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Plagued by Senior Moments?

Do you ever catch yourself stopped in mid-sentence — the point you were trying to make suddenly snatched away by a mysterious brain glitch? Ever looked down at the empty glass in your hand, wondering, did I or did I not just take my pills? How about exiting the mall and not having a clue where you parked the car?

If so, don't panic. Absent-mindedness and a general slowdown in mental processing often occur naturally with the aging process. Your mature nervous system (like an older-model computer) may take a little longer to retrieve information than it did when you were younger.

But here's the good news: if you think you're having a few too many "senior moments," there are some things you can do to bring your mental modem back up to speed.

Educating Your Memory

The National Institutes of Health recently conducted a study on "How Training Improves Cognitive Abilities of Older Adults." The five-week session, titled ACTIVE, taught the participants strategies for remembering word lists and sequences of items, text material and details of stories. Results showed significant improvement in cognitive abilities that continued two years after the training.

"The findings were powerful and very specific," says Richard M. Suzman, Ph.D., and Associate Director for the Behavioral and Social Research Program at the National Institute on Aging (NIA). "I think we can build on these results to see how training ultimately might be applied to tasks that older people do everyday, such as using medication or handling finances."

Memory Facts

Memory is the ability to remember something that has been learned or experienced, and refers to the brain's ability to store information.

Without it, learning would be impossible. If your brain couldn't recall the past, you would be unable to learn anything new. All your experiences would be lost as soon as they ended, and each new situation would be unfamiliar.

Memory is divided into three types:

Sensory memory holds information for only a second or two, giving your eyes, ears, and other senses time to process the information. This information quickly disappears unless you make an effort to retain it.

Short-term memory contains what you actively think about at any particular time. It can hold a fact for as long as you think about it, like repeating a phone number until you dial it.

Long-term memory stores facts, ideas and experiences after you stop thinking about them, and includes a huge amount of information, some of which lasts a lifetime.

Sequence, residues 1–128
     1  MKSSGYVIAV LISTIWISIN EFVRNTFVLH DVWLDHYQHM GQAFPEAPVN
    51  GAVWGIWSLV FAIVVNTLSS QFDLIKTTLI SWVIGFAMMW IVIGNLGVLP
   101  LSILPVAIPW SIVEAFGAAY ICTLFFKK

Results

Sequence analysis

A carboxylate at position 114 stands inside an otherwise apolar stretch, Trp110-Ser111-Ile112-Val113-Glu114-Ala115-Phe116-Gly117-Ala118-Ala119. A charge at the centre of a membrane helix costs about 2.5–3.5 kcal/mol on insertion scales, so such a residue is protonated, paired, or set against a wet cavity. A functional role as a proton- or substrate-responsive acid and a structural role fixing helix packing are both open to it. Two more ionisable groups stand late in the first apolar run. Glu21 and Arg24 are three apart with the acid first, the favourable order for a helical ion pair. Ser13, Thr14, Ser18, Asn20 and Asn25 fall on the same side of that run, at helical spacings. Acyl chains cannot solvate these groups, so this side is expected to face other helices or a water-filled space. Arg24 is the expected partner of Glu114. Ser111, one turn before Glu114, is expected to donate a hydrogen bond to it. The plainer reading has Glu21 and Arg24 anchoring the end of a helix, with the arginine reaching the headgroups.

Experts believe that by the end of our lives, our long-term memories have stored hundreds of times the information contained in a comprehensive encyclopedia.

Calisthenics for Your Brain

  • You can train your mind to help you remember what you don't want to forget. See if these strategies help you:
  • Wear a bracelet or rubber band on days you have to do a certain task. Use your senses.
  • When you meet someone new, "see" his or her name by writing it down on a piece of paper. "Hear" that you just finished a task by saying it out loud, "I have turned off the oven."
  • Name your parking area something that identifies its location; for example: "Treeville" if you parked by a tree, or "Leftzone Three," if you parked on the left side of the lot, third row.
  • In the mall, take a mental note of what you saw when you walked in (luggage? Men's cologne?)
  • If numbers stump you, associate them with something you'll remember. For example,
  • if your locker combination is 45-29-03, say, "I'm 45 years old, but I tell people I'm 29, and I have three children."
  • Link people's names with things you already know. Heather is as gentle as a feather, and Dustin is also the name of movie star Dustin Hoffman.
  • Develop routines and put things back where they belong. It is much easier to find things that are in their proper place.
  • Memorize Scripture; it keeps your mind sharp.
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Copyright 2006 by Lynne Thompson. Used by permission. All rights reserved.

Next in this Series: What's in a Name? (Lots!)